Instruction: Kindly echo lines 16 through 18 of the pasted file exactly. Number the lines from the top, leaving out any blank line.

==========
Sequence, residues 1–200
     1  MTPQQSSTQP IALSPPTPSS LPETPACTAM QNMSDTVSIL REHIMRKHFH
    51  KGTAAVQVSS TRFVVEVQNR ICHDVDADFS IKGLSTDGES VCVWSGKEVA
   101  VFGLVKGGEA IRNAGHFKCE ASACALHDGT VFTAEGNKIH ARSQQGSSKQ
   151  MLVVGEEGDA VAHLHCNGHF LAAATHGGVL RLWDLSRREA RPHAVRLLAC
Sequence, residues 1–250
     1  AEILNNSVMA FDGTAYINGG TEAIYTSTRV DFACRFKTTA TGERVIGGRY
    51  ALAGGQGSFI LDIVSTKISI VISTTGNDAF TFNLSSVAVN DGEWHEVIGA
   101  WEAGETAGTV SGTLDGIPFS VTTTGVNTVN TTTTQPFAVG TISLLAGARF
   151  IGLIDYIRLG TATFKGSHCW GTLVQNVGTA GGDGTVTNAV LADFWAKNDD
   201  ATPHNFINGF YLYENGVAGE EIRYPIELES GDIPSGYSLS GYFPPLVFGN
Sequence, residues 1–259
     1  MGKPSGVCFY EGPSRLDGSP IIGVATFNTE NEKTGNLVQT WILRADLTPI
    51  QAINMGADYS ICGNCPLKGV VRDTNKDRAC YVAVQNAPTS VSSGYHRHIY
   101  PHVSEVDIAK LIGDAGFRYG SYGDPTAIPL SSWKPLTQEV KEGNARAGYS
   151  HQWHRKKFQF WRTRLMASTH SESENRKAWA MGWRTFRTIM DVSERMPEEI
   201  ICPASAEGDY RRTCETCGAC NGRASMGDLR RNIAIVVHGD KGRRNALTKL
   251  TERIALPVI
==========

   151  HQWHRKKFQF WRTRLMASTH SESENRKAWA MGWRTFRTIM DVSERMPEEI
   201  ICPASAEGDY RRTCETCGAC NGRASMGDLR RNIAIVVHGD KGRRNALTKL
   251  TERIALPVI